Facts About the Foreign Account Tax Compliance Act
In March 18, 2010, president Obama signed the “Hiring Incentives to Restore Employment Act of 2010″ (HIRE Act) into law. It included as a financial offset the Foreign Account Tax Compliance Act (FATCA), which dramatically modified the US withholding tax and information reporting regimes for US persons, non-US banks and other financial institutions. A new 30 percent withholding tax was mandated on payments to foreign financial institutions (FFIs) that do not comply with disclosure requirements for US-based account holders.
Imposing draconian reporting requirements on the rest of the world does not serve American interests. FATCA will make it more difficult for Americans to raise foreign capital, prevent law-abiding Americans from investing in the institutions of their choice, and potentially spark reciprocal action by other governments against US banks.
Revenue Gains are Questionable: “Better” enforcement of high tax rates on saving and investment have the same economic impact as increasing tax rates. This means a reduction in saving and investment, which leads to slower growth and a smaller tax base. Thus, FATCA’s use as a revenue offset for the HIRE Act may prove to be misleading and ineffective.
Double Standard on Financial Privacy and Its Possible Blowback: The U.S. has long benefited from favorable laws which grant non-resident aliens the kind of financial privacy rules which FATCA helps deny our own citizens. Should other nation’s choose to retaliate or adopt similar policies of their own, trillions of dollars in foreign investment in the U.S. would be affected.
Reporting Provisions Will Mean Less Investment in the US: FATCA broadly defines the term “financial institution,” which means the new reporting requirements will hit not only banks, but also hedge and private equity funds, and possibly certain privately owned investment vehicles. The new rules act as a disincentive for all of these institutions to invest in the United States. Banks that struggle to implement convoluted reporting and withholding requirements, or are unable to do so because of domestic privacy and confidentiality laws, may divest in securities and other US assets. This will negatively impact the competitiveness of the US economy and reduce job growth.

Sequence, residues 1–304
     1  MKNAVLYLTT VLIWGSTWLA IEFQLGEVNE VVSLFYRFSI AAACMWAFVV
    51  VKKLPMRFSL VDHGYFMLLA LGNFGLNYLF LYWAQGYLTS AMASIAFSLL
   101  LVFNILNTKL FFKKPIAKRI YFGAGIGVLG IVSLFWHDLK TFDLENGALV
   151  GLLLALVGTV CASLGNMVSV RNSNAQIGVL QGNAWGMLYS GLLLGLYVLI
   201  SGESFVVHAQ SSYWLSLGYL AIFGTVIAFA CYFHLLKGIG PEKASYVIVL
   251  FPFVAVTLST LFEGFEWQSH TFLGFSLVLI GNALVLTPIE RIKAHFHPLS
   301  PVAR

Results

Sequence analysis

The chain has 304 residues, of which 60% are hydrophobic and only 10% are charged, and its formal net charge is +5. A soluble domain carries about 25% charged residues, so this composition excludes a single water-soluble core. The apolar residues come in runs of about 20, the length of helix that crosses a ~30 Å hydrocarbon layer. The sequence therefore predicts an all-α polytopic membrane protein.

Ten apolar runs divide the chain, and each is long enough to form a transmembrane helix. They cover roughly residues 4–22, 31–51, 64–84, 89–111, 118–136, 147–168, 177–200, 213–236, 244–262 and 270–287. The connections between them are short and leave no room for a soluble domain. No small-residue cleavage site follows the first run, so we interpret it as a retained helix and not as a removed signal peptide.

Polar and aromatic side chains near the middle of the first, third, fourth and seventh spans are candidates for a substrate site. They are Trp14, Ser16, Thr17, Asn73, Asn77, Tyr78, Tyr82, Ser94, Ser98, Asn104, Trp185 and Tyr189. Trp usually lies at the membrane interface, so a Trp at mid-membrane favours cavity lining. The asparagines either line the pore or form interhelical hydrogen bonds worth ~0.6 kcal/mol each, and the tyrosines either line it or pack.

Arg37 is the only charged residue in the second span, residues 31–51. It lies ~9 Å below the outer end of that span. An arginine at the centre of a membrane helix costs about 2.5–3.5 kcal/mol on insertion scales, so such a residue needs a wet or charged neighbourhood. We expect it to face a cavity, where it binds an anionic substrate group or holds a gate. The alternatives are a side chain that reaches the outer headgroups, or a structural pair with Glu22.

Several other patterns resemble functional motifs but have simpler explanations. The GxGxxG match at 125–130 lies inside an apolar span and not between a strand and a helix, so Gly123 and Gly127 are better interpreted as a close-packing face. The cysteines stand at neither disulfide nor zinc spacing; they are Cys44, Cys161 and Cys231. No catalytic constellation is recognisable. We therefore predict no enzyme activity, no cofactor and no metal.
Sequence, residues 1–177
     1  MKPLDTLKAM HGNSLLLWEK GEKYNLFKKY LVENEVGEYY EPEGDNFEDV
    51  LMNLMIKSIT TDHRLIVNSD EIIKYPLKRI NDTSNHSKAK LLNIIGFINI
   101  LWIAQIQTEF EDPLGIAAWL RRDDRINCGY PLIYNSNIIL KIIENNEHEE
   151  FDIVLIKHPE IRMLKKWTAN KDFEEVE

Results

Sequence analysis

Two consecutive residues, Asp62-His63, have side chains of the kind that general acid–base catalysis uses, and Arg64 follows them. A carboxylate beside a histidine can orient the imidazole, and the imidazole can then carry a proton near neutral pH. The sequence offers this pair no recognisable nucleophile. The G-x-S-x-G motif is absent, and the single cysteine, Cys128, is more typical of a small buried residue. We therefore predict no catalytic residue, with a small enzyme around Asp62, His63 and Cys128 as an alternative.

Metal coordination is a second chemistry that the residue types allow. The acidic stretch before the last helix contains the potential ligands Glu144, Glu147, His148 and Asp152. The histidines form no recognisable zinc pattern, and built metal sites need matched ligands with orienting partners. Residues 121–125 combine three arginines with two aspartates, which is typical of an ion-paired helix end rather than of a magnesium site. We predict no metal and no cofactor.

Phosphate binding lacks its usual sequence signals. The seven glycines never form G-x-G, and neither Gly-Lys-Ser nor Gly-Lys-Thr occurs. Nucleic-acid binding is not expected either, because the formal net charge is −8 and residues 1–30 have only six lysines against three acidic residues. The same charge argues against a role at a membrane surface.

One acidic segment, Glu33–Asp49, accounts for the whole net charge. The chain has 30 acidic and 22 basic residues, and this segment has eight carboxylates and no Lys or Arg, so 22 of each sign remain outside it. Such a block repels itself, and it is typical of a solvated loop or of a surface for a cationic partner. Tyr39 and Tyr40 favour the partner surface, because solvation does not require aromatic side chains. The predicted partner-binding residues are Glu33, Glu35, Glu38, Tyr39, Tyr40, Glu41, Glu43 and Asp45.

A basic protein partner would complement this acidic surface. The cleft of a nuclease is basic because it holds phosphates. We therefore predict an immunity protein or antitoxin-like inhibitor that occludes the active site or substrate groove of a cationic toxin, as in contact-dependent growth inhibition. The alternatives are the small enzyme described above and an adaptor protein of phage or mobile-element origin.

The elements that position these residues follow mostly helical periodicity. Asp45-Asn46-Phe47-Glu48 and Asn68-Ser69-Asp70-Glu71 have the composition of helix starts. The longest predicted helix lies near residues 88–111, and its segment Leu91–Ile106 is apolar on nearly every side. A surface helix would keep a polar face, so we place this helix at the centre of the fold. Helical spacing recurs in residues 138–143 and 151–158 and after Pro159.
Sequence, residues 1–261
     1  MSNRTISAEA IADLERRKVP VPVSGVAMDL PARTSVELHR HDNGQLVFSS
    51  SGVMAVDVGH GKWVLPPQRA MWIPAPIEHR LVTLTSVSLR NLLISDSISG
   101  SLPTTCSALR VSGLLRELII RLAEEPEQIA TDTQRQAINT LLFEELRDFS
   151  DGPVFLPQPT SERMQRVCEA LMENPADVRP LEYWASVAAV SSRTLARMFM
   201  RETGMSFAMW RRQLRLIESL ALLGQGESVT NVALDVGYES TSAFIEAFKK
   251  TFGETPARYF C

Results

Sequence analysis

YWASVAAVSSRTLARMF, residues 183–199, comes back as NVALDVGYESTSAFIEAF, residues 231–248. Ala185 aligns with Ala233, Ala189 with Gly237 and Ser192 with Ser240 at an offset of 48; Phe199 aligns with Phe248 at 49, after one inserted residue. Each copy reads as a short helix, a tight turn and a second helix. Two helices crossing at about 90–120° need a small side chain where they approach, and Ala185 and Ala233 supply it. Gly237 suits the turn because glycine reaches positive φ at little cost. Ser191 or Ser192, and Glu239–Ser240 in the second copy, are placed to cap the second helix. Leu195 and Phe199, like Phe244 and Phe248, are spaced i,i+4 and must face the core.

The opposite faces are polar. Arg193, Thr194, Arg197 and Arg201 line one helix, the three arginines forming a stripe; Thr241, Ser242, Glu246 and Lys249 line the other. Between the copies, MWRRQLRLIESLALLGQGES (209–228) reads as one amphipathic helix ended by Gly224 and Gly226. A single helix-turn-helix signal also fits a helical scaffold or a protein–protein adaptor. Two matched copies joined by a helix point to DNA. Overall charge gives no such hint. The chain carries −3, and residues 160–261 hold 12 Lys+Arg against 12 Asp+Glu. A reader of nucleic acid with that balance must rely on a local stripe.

FATCA Makes American Clients Toxic: FATCA treats as US-owned any foreign entity that has at least one “substantial United States owner.” Substantial ownership is defined by the bill as any US person who owns, directly or indirectly, a 10% or greater interest in a corporation or partnership. FATCA rewards entities that allow US investment with burdensome reporting and compliance costs. By further targeting those who simply “assist” U.S. nationals, the law places the burden on institutions to determine the tax status of their clients. This leaves managers in the difficult position of attempting to determine where their clients fall within the complicated U.S tax system, while holding them liable for any mistakes. The likely response will be to exclude US persons from participating in partnerships or joint-ventures and fewer banking options available to Americans overseas who wish to engage in routine financial transactions.
Protecting Financial Privacy Promotes Human Rights: FATCA may violate privacy and confidentiality laws in some countries. In many nations, ethnic, religious, racial, sexual and political minorities are persecuted by those in control of government. The availability of banks and other financial institutions which respect financial privacy protects assets from being subject to unlawful confiscation or as a tool for persecution. They are a refuge for people trapped in nations suffering from high levels of crime, extortion and corruption.
Recommendations: Congress should repeal FATCA outright. Absent that, regulators should carve out widely held collective investment vehicles such as pensions and hedge funds from FATCA reporting requirements. It should also be sufficient for institutions to meet the existing Qualified Intermediary requirements, rather than a yet more burdensome threshold. Furthermore, a cost-benefit analysis should be conducted to illuminate the issue, so that lawmakers may weigh the degree to which such burdensome rules instituted in order to catch a few possible tax cheats negatively impacts other aspects of the economy and American competitiveness.